NPR logo What Happens In A 50-50 Senate? Even More Joe Biden

What Happens In A 50-50 Senate? Even More Joe Biden

Vice President Biden laughs as he is introduced by DNC Chair Rep. Debbie Wasserman Schultz, D-Fla., at the DNC Women's Leadership conference in Washington, Friday. At the event, Biden praised former GOP Sen. Bob Packwood, who resigned from the Senate in 1995 after allegations of sexual misconduct. Manuel Balce Ceneta/AP hide caption

toggle caption Manuel Balce Ceneta/AP

Vice President Biden laughs as he is introduced by DNC Chair Rep. Debbie Wasserman Schultz, D-Fla., at the DNC Women's Leadership conference in Washington, Friday. At the event, Biden praised former GOP Sen. Bob Packwood, who resigned from the Senate in 1995 after allegations of sexual misconduct.

Manuel Balce Ceneta/AP

If you didn't get enough Joe Biden this week — choose your favorite gaffe, "Shylocks," "Orient," or the tin-eared Bob Packwood referencethere's good news.

With Senate polling that shows toss-up races in as many as eight states, there's a decent chance that 2015 could showcase the vice president even more.

Because while the Senate could end up, say, 51-49 in favor of Democrats or 48-52 in favor of Republicans, it's equally likely right now that it will wind up exactly 50-50.

What that 50-50 split might mean for Washington gridlock is unclear — after all, it pretty much takes 60 votes in the Senate to move legislation that's the least bit controversial. The one thing it would definitely mean is a higher profile for the free-talking, Amtrak-riding Delawarean.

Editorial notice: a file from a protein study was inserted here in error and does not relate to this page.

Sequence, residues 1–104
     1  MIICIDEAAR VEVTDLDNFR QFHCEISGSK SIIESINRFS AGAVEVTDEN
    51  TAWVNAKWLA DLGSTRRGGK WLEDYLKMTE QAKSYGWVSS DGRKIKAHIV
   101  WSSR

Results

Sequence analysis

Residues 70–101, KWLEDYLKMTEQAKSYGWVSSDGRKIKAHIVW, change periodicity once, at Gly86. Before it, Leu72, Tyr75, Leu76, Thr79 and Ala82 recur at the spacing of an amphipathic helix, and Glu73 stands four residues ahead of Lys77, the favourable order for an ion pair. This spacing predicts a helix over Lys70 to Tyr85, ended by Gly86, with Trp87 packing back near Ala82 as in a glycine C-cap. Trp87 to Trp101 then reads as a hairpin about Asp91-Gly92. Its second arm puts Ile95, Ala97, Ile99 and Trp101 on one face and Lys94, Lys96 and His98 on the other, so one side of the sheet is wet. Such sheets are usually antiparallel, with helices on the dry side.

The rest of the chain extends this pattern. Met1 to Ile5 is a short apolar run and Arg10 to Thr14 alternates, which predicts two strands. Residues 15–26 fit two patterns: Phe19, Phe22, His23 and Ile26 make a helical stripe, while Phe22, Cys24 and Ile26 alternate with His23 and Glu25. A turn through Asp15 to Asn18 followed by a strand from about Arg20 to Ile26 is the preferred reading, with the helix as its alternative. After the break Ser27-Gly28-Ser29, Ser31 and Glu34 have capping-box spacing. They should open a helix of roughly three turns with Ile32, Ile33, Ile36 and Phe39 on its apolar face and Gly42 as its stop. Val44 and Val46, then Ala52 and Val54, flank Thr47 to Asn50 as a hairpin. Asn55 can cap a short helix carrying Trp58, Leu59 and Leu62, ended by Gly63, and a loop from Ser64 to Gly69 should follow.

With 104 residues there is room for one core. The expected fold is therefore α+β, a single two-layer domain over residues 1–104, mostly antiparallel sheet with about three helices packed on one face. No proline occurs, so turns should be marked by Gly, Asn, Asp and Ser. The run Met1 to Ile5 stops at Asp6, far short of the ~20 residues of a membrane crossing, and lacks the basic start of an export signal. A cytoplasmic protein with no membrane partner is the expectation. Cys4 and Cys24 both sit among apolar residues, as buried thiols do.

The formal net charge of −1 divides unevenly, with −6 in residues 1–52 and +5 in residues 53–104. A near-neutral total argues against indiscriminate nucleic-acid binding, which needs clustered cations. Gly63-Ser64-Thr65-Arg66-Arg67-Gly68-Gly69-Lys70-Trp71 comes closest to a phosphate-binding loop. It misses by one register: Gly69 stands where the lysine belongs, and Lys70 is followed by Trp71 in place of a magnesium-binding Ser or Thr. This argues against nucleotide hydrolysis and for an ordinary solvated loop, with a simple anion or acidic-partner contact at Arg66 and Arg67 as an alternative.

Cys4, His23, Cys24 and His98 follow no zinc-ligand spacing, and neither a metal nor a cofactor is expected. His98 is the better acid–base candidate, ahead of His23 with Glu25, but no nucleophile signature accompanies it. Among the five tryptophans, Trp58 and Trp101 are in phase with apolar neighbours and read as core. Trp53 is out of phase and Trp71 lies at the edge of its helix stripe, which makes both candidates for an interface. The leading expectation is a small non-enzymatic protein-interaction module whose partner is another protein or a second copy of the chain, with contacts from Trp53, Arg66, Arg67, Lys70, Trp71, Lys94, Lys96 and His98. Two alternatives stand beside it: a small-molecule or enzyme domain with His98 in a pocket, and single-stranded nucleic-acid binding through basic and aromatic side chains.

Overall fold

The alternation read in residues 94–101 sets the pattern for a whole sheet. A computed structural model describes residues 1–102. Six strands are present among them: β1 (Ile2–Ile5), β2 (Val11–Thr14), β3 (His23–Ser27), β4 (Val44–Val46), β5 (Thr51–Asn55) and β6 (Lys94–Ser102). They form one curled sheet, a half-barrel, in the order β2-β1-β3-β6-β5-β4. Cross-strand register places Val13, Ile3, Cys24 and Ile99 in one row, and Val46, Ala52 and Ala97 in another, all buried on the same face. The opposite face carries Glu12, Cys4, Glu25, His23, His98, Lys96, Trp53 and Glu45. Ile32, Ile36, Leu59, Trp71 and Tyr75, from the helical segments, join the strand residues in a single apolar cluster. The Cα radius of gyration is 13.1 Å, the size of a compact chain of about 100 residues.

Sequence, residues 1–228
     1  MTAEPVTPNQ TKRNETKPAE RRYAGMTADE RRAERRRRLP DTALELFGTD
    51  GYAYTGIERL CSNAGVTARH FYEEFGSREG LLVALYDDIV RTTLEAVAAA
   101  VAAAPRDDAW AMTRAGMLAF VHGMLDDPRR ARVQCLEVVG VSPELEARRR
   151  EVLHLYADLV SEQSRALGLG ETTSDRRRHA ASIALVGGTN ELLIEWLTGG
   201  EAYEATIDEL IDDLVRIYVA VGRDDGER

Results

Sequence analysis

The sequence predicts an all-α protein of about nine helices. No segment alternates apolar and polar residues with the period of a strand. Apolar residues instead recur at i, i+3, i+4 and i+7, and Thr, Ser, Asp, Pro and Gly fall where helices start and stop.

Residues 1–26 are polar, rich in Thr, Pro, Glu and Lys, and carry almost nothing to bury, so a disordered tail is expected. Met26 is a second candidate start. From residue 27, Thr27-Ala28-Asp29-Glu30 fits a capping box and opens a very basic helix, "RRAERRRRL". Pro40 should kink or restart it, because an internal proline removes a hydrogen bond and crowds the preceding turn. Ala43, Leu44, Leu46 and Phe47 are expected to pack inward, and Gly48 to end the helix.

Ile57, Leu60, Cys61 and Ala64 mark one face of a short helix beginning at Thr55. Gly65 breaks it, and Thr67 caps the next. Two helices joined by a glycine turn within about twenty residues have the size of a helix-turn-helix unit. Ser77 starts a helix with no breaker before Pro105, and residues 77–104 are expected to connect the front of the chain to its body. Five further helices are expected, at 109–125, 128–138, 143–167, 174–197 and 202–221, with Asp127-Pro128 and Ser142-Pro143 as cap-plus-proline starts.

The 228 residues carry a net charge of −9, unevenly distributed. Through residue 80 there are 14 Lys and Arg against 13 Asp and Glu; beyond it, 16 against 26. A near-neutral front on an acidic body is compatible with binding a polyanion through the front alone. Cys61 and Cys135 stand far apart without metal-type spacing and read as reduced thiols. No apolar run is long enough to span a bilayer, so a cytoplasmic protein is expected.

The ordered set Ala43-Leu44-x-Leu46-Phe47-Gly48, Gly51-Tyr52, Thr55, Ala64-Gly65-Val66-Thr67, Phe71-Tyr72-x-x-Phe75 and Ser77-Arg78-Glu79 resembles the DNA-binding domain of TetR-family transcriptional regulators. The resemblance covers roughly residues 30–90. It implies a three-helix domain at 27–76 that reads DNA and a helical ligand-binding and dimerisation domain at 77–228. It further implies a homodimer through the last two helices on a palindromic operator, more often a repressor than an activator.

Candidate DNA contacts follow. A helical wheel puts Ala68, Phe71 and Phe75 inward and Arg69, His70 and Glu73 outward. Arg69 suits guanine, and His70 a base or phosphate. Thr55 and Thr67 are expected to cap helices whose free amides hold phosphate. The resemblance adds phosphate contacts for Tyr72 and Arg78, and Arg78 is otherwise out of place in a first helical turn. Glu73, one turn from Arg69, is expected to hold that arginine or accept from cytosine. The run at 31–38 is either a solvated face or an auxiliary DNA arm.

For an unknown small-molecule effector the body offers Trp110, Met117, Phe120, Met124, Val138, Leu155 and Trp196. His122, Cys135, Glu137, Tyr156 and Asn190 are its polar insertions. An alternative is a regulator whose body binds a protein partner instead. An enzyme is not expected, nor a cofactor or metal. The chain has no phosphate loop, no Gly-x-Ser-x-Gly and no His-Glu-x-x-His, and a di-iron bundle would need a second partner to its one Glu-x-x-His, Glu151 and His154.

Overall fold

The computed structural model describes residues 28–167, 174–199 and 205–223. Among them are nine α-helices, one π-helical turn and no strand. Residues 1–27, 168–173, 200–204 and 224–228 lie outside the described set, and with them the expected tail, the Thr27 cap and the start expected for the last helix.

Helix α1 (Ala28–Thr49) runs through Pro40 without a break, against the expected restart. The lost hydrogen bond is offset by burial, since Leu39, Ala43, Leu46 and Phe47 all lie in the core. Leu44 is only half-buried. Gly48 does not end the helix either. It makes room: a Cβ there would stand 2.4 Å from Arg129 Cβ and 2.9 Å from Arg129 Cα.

As we might recall from grade-school civics, the vice president of the United States also serves as president of the Senate, and is able to cast tie-breaking votes. From the standpoint of Senate process, this is obviously good for Democrats. It would keep them in control of the agenda and let them continue to approve President Obama's executive and judicial appointees.

But what about from the standpoint of Biden — particularly if he winds up running for president in 2016?

Well, there are pros and cons:

On the one hand, he would instantly have a higher profile role in government – he would be more a player, and less a sidekick. He would cast votes on important legislation supporting the president's agenda.

And as a higher profile player, even more of what he says will make the news.

The downside: That higher profile role in government would be in the United States Senate, which is technically a part of Congress and highly unpopular. And while many Americans will support those tie-breaking votes he casts, many others will not.

Yet the biggest potential downside: As a higher profile player, even more of what he says will indeed make the news.

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